Menstruation is the time of month when the womb (uterus) sheds its lining and vaginal bleeding occurs. It is often called "a period."
Periods vary widely from woman to woman. Some periods are punctual, some are unpredictable. On average, a woman gets her period every 21 to 35 days. A period usually lasts about three to five days. Irregular periods may require treatment.
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You are losing more or less blood during a period than usual.
The number of days that your period lasts varies.
There are different names for different types of irregular periods.
Oligomenorrhea refers to infrequent periods. The time between periods is typically 35 days or more. Women with oligomenorrhea have fewer than six to eight periods a year.
Metrorrhagia refers to irregular but frequent periods.
Menometrorrhagia refers to longer or heavier periods that are irregular but frequent.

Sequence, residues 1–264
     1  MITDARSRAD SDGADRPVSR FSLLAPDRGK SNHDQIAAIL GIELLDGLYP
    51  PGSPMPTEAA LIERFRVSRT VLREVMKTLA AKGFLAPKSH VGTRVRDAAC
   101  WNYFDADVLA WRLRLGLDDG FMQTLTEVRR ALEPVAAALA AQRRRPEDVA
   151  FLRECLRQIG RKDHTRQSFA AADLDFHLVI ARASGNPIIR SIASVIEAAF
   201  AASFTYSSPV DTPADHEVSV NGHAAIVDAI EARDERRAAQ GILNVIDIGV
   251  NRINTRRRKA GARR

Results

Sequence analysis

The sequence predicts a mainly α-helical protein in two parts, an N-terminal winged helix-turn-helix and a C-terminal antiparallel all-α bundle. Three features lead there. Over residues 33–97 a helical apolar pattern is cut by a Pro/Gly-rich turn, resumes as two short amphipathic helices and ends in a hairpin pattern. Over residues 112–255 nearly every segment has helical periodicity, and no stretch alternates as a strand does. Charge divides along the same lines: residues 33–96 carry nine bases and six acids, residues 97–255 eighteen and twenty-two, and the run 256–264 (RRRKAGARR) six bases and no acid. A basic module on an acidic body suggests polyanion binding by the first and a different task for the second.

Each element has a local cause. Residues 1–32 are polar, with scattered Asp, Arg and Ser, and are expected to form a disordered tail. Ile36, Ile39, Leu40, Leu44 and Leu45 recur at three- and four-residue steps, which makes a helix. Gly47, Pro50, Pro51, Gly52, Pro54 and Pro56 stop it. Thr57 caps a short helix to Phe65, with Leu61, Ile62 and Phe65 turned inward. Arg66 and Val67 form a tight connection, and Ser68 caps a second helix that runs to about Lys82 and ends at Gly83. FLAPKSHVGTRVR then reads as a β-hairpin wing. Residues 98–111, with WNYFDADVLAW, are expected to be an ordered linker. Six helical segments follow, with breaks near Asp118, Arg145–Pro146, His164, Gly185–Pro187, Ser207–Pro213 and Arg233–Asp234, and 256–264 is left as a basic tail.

Amenorrhea refers to an absence of periods for three to six months or longer.
Do Irregular Periods Need Treatment?
Treatment of irregular periods depends on the cause and your desire to have children in the future. Irregular periods can be caused by many different things. Changes in your body's level of the hormones estrogen and progesterone can disrupt the normal pattern of your period. That's why young girls going through puberty and women approaching menopause commonly have irregular periods.
Usually no treatment is needed for irregular periods caused by puberty and menopause. It is also normal for your period to stop when you are pregnant.
Treatments for irregular periods due to other causes may include:
Correcting or treating underlying disease
Changing your type of birth control
Here are some treatment options:
Treating underlying disease. It is important to treat any underlying diseases that cause irregular periods. If you have irregular periods, your doctor will run blood tests to check hormone levels and thyroid function.
Polycystic ovary syndrome (PCOS) and hyperthyroidism (overactive thyroid) are two common causes of irregular periods in women. Treatment of these disorders can be complex and varies from woman to woman. In general, the goal of treatment is to restore the balance of hormones in the body. Women with PCOS may be given birth control pills or other hormones to trigger a period.
Hyperthyroidism is treated with:
Medicines that reduce the amount of thyroid hormone made by the body.